Ontario chiefs criticize Quebec police action in blockade
Jorge Barrera , Canwest News Servicehttp://www.canada.com/topics/news/national/story.html?id=b85c4323-7f28-4506-985f-7e2e3fa2dd79
Published: Saturday, October 11, 2008
An Ontario chiefs organization has sent letters to Prime Minister Stephen Harper and Quebec Premier Jean Charest condemning the actions of the Surete du Quebec for using force to clear an Algonquin blockade Monday in northern Quebec.
The letters, dated Oct. 10, calls on Ottawa and Quebec City to follow the advice of the Ipperwash Inquiry, which probed the events of a First Nations occupation in Ontario that led to the shooting death of Dudley George, a native protester shot dead by an OPP officer.
"The leadership of the First Nations of Ontario are very concerned regarding the approach taken by the Surete du Quebec against the Algonquins of Barriere Lake," said the letter, signed by Angus Toulouse, Ontario regional chief with the Chiefs of Ontario. "Resorting to aggressive police action is clearly regrettable and further does not address the root causes of this situation."
Toulouse said Ottawa and Quebec City should open talks with the poverty-stricken community of about 650, which is currently embroiled in a leadership dispute.
The Algonquin Nation Secretariat, an umbrella group that represents the Algonquins of Barriere Lake, also criticized police action in a letter to Charest dated Oct. 8.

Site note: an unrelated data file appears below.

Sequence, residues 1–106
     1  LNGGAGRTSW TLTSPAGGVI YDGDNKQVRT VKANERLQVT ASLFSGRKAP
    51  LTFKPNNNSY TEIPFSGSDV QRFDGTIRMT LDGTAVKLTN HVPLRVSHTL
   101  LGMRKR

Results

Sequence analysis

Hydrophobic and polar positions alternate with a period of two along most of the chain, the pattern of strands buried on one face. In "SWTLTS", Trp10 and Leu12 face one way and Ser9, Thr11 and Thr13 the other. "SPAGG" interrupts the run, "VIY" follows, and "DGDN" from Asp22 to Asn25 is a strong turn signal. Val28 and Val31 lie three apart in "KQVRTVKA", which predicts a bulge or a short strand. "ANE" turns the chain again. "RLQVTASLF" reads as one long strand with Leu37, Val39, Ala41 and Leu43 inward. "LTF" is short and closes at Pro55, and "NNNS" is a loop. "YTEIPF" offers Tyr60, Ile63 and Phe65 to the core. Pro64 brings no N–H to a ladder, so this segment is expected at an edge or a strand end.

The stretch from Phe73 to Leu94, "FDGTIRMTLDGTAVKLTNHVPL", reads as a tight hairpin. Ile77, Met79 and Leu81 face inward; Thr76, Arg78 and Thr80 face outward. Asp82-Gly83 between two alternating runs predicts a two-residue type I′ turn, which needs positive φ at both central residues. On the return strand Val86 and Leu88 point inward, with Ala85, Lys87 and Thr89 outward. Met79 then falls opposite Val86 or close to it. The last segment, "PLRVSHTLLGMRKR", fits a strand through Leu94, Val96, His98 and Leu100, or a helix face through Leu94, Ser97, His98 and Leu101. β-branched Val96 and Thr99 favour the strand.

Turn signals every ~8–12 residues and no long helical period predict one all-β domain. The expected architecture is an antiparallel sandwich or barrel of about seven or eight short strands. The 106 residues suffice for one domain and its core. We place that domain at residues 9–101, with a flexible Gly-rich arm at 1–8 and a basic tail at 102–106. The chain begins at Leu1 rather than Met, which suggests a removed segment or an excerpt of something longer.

The Algonquins said a three-year-old girl was hit by a tear-gas canister fired by police during the blockade. They also accused the police of attacking elderly demonstrators.
The SQ said police fired canisters containing a chemical irritant, not tear gas, at the crowd and that paramedics said that no one was injured.
Nine people were arrested and charged with mischief.
The blockade, set up about 300 kilometres north of Ottawa, was organized by a portion of the community in an attempt to pressure the Department of Indian Affairs into backing a new leadership selection process. The group, led by former acting chief Benjamin Nottaway, says current Chief Casey Ratt took power through a flawed process.
The community follows a traditional leadership code.
Nottaway's supporters also want Indian Affairs to honour a signed deal giving the community a say over the development of 10,000 square kilometres of their claimed territory.